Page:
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Ethics Embrace Elephant Tourism in Chiang Rai Thailand





CHIANG RAI – Before she turned four, YinLuck had already been begging on the streets of Southern Thailand. Like other elephants, she might have gone on to work at a circus had she not been rescued by the Golden Triangle Asian Elephant Foundation.

Elephant husbandry in Southeast Asia is a contentious topic. Asian elephants play a part in ceremonial and religious traditions, and mahout (caretaker) culture demands certain families own elephants.

In the city, elephants face a life of inadequate nutrition, poor health from pollution, and the threat of being hit by cars. In illegal logging camps, elephants are overworked and underfed.

A recent surge in ecotourism may be the best opportunity for the majority of Thailand’s 4,000 captive elephants and the communities whose livelihoods are dependent on them. But concern over trekking conditions (overworked, improperly carrying unsafe loads), and frequent reports of abuse and the illegal capture of young elephants from wild herds to supply the tourism or entertainment industries, is unsettling.

Boycotting elephant tourism isn’t a solution. Thai elephants can’t simply be released back into the wild: besides a loss of habitat and fragmentation due to urban growth, there are also dangers with ivory poaching and run-ins with humans.


John Roberts, director of elephants at Anantara Golden Triangle Elephant Camp & Resort and founder of the Golden Triangle Asian Elephant Foundation, says education is the best way to aid species conservation. “You can’t stop over 4,000 years of tradition when the biggest asset that feeds these families is their elephant. So try to help through the tourism perspective, while giving mahouts the tools and opportunity to treat their elephants well.”

Via the foundation’s forward-thinking initiatives, the mahout community can sustain its needs and preserve its culture. Funded by luxury hotel chain Anantara, parent company Minor International, Four Seasons Tented Camp Golden Triangle, and guest donations, a camp has been set up like a village, with elephant stables and lodgings. The families receive health care, schooling, and support for wives’ silk-making enterprise. Mahouts are taught positive Western reinforcement techniques that refine their traditional methods, with protocols that give elephants the appropriate care, protection, treatment and security.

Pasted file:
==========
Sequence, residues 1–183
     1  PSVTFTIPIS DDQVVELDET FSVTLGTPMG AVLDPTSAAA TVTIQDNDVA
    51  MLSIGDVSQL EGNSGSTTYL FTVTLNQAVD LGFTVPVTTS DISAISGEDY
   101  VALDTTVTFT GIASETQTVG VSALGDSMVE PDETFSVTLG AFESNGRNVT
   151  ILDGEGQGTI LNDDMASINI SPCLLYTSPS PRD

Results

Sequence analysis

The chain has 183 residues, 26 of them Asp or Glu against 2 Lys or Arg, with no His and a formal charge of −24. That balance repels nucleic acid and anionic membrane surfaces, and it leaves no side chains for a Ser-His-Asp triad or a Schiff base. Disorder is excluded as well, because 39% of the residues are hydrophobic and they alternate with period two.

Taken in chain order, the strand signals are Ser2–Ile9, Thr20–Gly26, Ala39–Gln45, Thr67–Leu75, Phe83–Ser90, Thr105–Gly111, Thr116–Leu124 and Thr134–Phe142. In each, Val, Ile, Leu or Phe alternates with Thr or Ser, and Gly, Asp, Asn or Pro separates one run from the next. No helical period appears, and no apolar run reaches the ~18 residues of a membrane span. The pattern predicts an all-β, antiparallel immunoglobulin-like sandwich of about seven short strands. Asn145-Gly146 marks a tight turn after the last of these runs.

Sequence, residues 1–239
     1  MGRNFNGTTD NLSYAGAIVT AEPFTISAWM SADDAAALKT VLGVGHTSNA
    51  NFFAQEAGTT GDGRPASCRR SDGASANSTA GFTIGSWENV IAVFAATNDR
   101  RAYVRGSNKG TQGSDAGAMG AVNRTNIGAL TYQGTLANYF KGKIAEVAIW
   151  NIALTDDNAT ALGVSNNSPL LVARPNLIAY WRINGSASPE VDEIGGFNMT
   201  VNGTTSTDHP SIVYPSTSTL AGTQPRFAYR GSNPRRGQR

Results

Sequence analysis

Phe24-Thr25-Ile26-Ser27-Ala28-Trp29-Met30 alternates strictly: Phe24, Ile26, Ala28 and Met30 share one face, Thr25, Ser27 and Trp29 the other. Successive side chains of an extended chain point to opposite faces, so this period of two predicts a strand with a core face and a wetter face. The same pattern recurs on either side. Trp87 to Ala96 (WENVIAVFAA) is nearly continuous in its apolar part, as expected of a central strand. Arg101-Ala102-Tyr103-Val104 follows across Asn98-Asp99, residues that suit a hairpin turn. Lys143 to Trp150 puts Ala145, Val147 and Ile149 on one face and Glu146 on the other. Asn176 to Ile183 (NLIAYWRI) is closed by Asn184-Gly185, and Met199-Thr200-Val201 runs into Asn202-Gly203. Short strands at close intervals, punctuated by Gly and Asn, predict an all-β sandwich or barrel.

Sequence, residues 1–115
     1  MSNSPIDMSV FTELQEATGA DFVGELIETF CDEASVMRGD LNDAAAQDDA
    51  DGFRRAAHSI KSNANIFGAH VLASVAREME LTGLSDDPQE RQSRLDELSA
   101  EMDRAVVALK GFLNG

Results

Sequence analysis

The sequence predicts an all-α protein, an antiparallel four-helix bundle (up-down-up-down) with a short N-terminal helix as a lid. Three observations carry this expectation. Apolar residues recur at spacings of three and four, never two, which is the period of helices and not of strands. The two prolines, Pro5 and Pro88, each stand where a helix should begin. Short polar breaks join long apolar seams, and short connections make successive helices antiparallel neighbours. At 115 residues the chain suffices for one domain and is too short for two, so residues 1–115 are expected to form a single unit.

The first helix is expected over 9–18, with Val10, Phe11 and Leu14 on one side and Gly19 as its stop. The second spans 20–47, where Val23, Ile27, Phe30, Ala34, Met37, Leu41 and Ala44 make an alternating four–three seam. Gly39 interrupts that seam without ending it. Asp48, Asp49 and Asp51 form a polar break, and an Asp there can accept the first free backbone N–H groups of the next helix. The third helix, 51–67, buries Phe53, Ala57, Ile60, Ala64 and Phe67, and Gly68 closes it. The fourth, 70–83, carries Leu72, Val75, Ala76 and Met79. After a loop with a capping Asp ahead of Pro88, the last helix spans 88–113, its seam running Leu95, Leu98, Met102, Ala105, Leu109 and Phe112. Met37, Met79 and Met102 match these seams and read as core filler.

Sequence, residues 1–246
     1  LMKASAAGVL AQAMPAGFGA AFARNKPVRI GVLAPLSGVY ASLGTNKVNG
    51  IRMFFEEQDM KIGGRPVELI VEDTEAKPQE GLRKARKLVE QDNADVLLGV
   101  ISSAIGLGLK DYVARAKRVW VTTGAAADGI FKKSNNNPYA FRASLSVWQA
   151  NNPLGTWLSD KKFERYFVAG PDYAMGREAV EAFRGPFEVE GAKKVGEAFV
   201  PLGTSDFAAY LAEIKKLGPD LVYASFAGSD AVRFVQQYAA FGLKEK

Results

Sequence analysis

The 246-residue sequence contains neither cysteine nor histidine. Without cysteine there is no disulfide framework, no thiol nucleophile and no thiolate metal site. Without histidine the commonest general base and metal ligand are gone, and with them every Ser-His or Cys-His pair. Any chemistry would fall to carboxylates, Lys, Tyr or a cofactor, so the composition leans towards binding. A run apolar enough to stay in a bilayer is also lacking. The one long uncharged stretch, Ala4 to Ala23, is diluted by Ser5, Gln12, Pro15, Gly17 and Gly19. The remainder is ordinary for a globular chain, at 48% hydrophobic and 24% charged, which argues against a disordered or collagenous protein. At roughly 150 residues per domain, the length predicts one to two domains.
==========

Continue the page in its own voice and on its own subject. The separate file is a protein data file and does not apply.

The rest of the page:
Outside the camp, the foundation is also reclaiming agricultural land through reforestation, protecting corridors of elephant traffic, and developing methods to eventually safely release captive elephants into the wild.

Guests can experience safe and ethical activities, from walking with the giants — a gentle, minimally imposing means to enjoy the company of the majestic creatures, to dining alongside baby elephants. There’s also a full-day mahout training experience, and a morning elephant yoga class I had erroneously thought of as a cute side-by-side workout, but actually involved up-dogging on the mammal’s neck.

Roberts says that done properly, the elephants aren’t bothered by the activity. Still, for my own peace of mind, I chose to admire them from afar.


By Renée S. Suen

Renée S. Suen was hosted by the Tourism Authority of Thailand and a guest at Anantara Golden Triangle Elephant Camp & Resort

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